Gals Fighters 2.0?
SNK’s roster of fighters have always been a stylish bunch. From Fatal Fury to King of Fighters and even Samurai Shodown, SNK’s guys ‘n’ gals have always thrown down, and looked damn good doing it. This came to a head in the KoF games circa 2000, where characters started looking less like scrappers and more like Harajuku’s street elite.
So what drama it must be for a bevy of SNK’s badass gal fighters to find themselves trapped in a mysterious palace, adorned in garbs that look like they came out of a reject fancy dress store. Worse still, their anger, embarrassment, and shame appears to be fueling some sort of fiendish plan to merge alternate realities… I’m just the reviewer, brothers and sisters.
Apparently, this scenario gives our girls no option but to team up and engage in a series of two-on-two rumbles, with a very sandy end awaiting the losers. Can you help Mai, Yuri, Nakoruru, and Best Video Game Character of All Time Leona Heidern solve this mystery, defeat their creepy host, and escape his devious homestead? Should you even bother trying? Let’s find out as we look at NIS America’s SNK Heroines: Tag Team Frenzy.
SNK Heroines: Tag Team Frenzy (PS4 [reviewed], Nintendo Switch, Arcade)
Publisher: NIS America
Released: September 7, 2018
Let’s get it out of way, SNK Heroines: Tag Team Frenzy is one of the most simplistic fighting games I’ve played in years. Simpler still than Nicalis’ recent release Blade Strangers. While the two games are very comparable in control, with one-button specials, supers, and auto-combos, SNK Heroines goes even further, removing crouching, lows, and overheads entirely and adding a dedicated block button (in an SNK game? Sacrilege!) that defends against all attacks, bar throws. Designed primarily for the Nintendo Switch, SNK Heroines makes use of both thumbsticks, and thus arcade controllers were originally out of the question entirely (though a day-one patch will now change this).
The player picks a team of two feisty femmes and the pair launch into fast-paced punch-ups with the opposition. Auto-combos are in full effect, with players tapping the attack buttons, then cancelling into special moves. Your team members share a health bar between them, but have their own replenishable meter for specials. To keep things kooky, players can activate special items, from giant bowling balls and poison effects to that comedy stalwart: the banana peel. There is only one way to win the match: get the opposition into the red, then land your super (or “Dream Finish”). No super. No victory.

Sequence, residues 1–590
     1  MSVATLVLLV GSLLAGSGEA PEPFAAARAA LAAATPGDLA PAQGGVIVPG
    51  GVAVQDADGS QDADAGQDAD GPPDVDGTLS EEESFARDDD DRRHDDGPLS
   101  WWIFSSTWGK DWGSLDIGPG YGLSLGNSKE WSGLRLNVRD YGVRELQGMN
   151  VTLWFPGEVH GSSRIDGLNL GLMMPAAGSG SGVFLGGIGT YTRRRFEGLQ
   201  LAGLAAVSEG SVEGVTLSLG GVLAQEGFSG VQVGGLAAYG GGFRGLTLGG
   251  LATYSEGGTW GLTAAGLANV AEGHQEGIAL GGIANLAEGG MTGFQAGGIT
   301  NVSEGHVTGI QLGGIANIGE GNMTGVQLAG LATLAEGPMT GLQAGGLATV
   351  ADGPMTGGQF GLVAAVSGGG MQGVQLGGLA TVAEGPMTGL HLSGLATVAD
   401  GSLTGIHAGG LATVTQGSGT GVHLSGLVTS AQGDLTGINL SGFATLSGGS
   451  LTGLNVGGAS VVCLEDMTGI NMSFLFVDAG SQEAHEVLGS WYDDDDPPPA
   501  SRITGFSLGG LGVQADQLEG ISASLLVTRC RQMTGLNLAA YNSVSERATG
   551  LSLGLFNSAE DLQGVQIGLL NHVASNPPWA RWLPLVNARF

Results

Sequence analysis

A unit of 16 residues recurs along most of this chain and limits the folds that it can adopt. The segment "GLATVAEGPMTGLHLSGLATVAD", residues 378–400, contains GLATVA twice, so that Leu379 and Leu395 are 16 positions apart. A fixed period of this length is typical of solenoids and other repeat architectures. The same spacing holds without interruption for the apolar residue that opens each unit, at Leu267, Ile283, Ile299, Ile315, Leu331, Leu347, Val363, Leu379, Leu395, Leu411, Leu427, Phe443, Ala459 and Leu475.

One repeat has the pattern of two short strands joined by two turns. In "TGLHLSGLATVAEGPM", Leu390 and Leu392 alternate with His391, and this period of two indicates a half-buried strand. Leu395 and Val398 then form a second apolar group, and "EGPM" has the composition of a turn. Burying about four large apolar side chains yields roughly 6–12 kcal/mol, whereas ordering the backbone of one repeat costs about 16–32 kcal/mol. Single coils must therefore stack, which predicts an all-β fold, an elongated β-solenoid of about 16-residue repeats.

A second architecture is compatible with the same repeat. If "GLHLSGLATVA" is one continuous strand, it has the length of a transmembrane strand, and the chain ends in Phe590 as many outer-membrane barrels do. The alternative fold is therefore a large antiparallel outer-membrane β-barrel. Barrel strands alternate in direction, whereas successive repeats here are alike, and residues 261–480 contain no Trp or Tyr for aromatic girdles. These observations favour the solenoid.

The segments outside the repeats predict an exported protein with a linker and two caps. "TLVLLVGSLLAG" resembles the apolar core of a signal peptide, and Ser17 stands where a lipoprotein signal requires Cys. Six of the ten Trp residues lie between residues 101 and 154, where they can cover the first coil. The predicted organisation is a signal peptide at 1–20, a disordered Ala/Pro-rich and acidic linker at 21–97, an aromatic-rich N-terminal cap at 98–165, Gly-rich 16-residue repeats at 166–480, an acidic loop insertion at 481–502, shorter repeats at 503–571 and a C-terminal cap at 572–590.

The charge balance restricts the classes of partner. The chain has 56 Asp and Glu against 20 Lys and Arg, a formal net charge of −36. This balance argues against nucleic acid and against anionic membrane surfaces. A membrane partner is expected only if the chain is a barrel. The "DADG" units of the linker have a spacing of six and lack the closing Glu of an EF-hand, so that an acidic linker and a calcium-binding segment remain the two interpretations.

Because of this basic approach to combat, the key to SNK Heroines lies in movement. Our girls can dash, back-dash, jump, super jump, and air-dash, as well as perform ground recovery and evasive rolls from guard. Almost all combos and specials are unsafe on block, so opening up your opponent is a matter of slick movement, baits, and positioning. The blend of quick tags, short health bars, and auto-combos makes SNK Heroines’ fights frenzied affairs that can be over in seconds. It’s certainly good fun, and the potential is there for extended combos and timed juggles, but it is a linear fighting system, and genre enthusiasts may realise before long that the depth they crave lies elsewhere.
As the hapless heroines fight their way through the mysterious castle, in-game gold is earned. This can be spent on new outfits, artwork, sound samples, and a wardrobe of accessories. It’s a fun idea, and some of the alternate costumes are truly great, but it isn’t a patch on the customisation in fighters such as Tekken. The costumes themselves cannot be altered, and the mode is little more than gluing comical items onto your chosen heroine’s body parts. Once you have your girls wearing their best Elton John glasses, fox-tails, and flashing police sirens, you can have them pose in a studio for a photo shoot, with various effects to highlight your awful couturier abilities.
More choice is offered in the game’s selection of modes. Survival, Training, Combo Trials, and a Tutorial are all on offer, as well as a Gallery and Online Vs. The centrepiece of single-player is a wafer-thin story mode, which features some amusing dialogue, but is over quickly, of zero consequence, and has a hugely unsatisfying climax. The true entertainment value of SNK Heroines lies in local multiplayer, where the chaotic nature of the loud, colourful brawls is sure to bring out the best in you and your buddies. Oh, if you do play single-player, be sure to crank the difficulty up, as on default the brain-dead AI provides little resistance at all. SNK Heroines only truly shines as a party punch-up.
I mentioned in my Blade Strangers review that there was a place in the market for mid-tier fighting titles. Both the former and SNK Heroines fill that role just fine. Neither of them can break out beyond their linear, stripped-down mechanics, but both titles will provide entertainment, played with friends. Of the two titles, Blade Strangers is definitely the better game, but SNK Heroines is the more accessible, and will very likely go down better with non-fighting game players, though it really should be ten bucks cheaper. If you’re on the fence, I’d strongly suggest waiting on a discount.
Though SNK Heroines: Tag Team Frenzy is not the Gals Fighters 2 we may have been hoping for, it is a daft, fast and fun brawler. There is a serious question of longevity to be considered, and veteran players should consider the game’s shallow simplicity before purchase. But in a group setting, especially among newcomers, SNK’s sisterhood of sluggers will get the job done, looking fabulous while doing so.
[This review is based on a retail build of the game provided by the publisher.]